On Aristotle Nicomachean Ethics 8-9 (Ancient Commentators on Aristotle)

On Aristotle Nicomachean Ethics 8-9 (Ancient Commentators on Aristotle)

Aspasius, Michael of Ephesus

Language: English

Pages: 248

ISBN: 2:00281792

Format: PDF / Kindle (mobi) / ePub


Publish Year note: First published in 2001 by Gerald Duckworth & Co and 2014 in paperback
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Aristotle devotes books 8-9 of the Nicomachean Ethics to friendship, distinguishing three kinds: a primary kind motivated by the other's character; and other kinds motivated by utility or pleasure. He takes up Plato's idea that one knows oneself better as reflected in another's eyes, as providing one of the benefits of friendship, and he also sees true friendship as modelled on true self-love. He further compares friendship with justice, and illustrates the ubiquity of friendship by referring to the way in which we help wayfarers as if they were kin (oikeion), a word he takes from Plato's discussion of love. In many of these respects he probably influenced the Stoic theory of justice as based on the natural kinship (oikeiotes) one feels initially for oneself at birth and, eventually, for lost wayfarers. Of the three commentaries translated here, that by the second-century AD Aristotelian Aspasius is the earliest extant commentary on Aristotle; the second is by Michael of Ephesus in the twelfth century; the third is of unknown date and authorship. Aspasius worries whether there is only one kind of friendship with a single definition.But he plumps for a verdict not given by Aristotle, that the primary kind of friendship serves as a focal point for defining the other two. Aspasius picks up connections with his Stoic contemporaries. Michael cites Christians and draws from Neoplatonists the idea that there is a self-aware part of the soul, and that Aristotle saw individuals as bundles of properties.

 

 

 

 

 

 

 

 

 

 

 

 

 

 

 

 

 

 

 

 

Now, according to the primary kind base men will not be friends with one another, for decent men love each other on account of virtue, but base men have no share either in virtue or in the love based on it. But base men too might become friends because of pleasure, for it is possible for some wicked men to provide pleasure to one another and through this to adjoin to one another the love based on pleasure. They might also become friends on account of the useful, for some men are base, but turn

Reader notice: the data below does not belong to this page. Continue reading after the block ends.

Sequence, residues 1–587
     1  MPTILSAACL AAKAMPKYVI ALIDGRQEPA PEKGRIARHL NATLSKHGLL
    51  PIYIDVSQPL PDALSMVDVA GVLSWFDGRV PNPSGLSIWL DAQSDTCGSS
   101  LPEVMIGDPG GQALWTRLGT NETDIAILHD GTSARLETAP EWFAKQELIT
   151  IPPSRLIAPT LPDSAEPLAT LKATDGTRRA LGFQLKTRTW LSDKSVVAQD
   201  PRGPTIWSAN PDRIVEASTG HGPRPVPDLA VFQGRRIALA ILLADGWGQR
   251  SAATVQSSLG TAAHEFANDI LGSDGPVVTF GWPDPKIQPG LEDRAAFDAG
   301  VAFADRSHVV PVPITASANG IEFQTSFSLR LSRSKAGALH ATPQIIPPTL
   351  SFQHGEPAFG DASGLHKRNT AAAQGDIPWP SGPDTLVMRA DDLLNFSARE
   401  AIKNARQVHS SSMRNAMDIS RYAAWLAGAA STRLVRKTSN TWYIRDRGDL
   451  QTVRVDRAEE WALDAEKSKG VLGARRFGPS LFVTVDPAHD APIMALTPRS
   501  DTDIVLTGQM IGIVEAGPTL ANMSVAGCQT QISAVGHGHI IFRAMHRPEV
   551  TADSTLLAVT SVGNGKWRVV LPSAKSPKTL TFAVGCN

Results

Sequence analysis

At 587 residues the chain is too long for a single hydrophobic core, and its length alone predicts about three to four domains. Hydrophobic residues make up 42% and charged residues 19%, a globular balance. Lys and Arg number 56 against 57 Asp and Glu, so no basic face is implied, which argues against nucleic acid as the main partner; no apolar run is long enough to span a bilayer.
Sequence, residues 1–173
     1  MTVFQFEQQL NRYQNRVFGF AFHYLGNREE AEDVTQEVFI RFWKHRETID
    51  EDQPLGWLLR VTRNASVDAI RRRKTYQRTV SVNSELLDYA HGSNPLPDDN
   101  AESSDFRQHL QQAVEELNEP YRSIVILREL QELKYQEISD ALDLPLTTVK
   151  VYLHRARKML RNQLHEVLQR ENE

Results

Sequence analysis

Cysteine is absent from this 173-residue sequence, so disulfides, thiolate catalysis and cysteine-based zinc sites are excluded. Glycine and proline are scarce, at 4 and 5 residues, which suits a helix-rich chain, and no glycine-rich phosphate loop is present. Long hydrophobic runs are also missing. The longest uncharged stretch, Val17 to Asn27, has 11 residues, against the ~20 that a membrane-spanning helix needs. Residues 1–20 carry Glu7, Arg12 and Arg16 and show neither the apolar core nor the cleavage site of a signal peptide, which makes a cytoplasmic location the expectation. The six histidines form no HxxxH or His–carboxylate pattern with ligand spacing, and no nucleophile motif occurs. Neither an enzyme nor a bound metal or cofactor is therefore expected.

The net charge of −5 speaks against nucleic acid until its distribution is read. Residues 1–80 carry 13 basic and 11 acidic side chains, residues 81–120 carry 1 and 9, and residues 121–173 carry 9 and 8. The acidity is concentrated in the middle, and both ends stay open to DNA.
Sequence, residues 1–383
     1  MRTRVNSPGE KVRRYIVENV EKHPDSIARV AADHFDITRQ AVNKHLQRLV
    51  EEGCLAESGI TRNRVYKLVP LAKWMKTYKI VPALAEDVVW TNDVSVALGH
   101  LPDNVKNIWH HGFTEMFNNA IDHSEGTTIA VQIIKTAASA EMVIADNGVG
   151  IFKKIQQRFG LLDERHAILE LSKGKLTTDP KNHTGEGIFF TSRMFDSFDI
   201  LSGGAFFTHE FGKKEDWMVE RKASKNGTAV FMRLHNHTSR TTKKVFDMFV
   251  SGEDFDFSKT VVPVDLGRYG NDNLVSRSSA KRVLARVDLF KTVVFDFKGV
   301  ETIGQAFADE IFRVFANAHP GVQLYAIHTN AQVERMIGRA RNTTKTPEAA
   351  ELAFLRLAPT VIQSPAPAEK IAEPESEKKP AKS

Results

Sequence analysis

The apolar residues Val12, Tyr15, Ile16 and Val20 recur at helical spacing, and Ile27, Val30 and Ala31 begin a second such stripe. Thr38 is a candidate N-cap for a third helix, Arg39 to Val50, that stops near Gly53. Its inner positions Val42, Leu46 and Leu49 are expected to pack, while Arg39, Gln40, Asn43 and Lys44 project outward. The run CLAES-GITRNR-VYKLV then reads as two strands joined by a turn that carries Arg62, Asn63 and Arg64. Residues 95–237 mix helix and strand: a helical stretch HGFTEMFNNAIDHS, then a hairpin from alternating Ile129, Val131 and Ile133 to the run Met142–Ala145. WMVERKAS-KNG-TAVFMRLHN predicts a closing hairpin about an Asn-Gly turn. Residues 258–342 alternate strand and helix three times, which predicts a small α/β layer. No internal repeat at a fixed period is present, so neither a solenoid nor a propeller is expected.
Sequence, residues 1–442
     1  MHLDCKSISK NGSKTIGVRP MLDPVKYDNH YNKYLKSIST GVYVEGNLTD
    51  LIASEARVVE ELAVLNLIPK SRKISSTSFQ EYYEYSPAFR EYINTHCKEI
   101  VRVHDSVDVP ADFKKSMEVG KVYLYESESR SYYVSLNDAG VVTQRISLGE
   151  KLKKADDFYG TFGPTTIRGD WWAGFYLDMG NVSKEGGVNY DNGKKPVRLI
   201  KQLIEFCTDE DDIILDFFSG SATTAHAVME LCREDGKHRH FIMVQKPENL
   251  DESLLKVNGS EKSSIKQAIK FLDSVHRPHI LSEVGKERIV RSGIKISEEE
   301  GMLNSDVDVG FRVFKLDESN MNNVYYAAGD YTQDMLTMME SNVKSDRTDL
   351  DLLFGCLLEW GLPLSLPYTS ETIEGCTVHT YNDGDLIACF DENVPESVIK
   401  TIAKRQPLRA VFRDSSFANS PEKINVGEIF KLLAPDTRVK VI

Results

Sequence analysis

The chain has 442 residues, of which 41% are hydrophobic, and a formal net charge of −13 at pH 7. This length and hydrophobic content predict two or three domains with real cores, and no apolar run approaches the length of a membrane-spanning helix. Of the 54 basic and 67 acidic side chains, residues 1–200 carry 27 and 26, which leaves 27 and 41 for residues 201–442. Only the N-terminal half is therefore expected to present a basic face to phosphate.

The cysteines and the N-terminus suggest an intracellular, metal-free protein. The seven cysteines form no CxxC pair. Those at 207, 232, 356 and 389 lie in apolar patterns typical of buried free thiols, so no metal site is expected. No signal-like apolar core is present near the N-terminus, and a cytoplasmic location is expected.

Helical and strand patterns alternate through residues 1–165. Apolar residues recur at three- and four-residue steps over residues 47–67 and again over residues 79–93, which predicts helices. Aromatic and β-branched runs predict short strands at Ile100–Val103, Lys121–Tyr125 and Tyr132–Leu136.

are such types; but some are inexperienced and without a notion of what is in accord with value. Therefore, they bring complaints against one another, the one saying that he received less than what was due, the other that he has given more than the value. In the case of such people, [Aristotle] says, ‘it is necessary that he who foreholds establish it [i.e., the return]’ (1164b9). Perhaps he calls the one who confers first ‘he who foreholds’ because he holds what he has given before giving it.15

example civic and paternal [justice] and that of the slavemaster; of these the most just is the civic, which is something similar to the loving [kind], for it accords with the equality of the partners. It has been said that love also wishes friends to be as friendly as possible [cf. 1155a29-30]. Perhaps one might also in this way understand that of all just things the most just is that toward friends. For toward these one must above all maintain the loving [relationships] that are called just. He

[Aristotle] added ‘but almost not even to the base’ (1166b6-7), having appended ‘almost’ on account of people without self-control. For the goods that have been mentioned seem to pertain to other base people, but to those without self-control they do not [even] seem to pertain; thus, [they seem to pertain] almost to all, but not simply to all. But why do they not seem to pertain to those without self-control? Because, although they wish the good things of human beings, which are in fact properly

And he indicated the major premise, the one that says ‘one who does everything for the sake of himself [is base]’, by this: a base person seems to do everything for the sake of himself, and the more wicked and evil he is, the more he does things for the sake of himself. It being necessary to say, ‘one who does everything for the sake of himself is base’, [Aristotle] did not speak thus, but rather [said] that a base person does everything for the sake of himself, construing the proposition as

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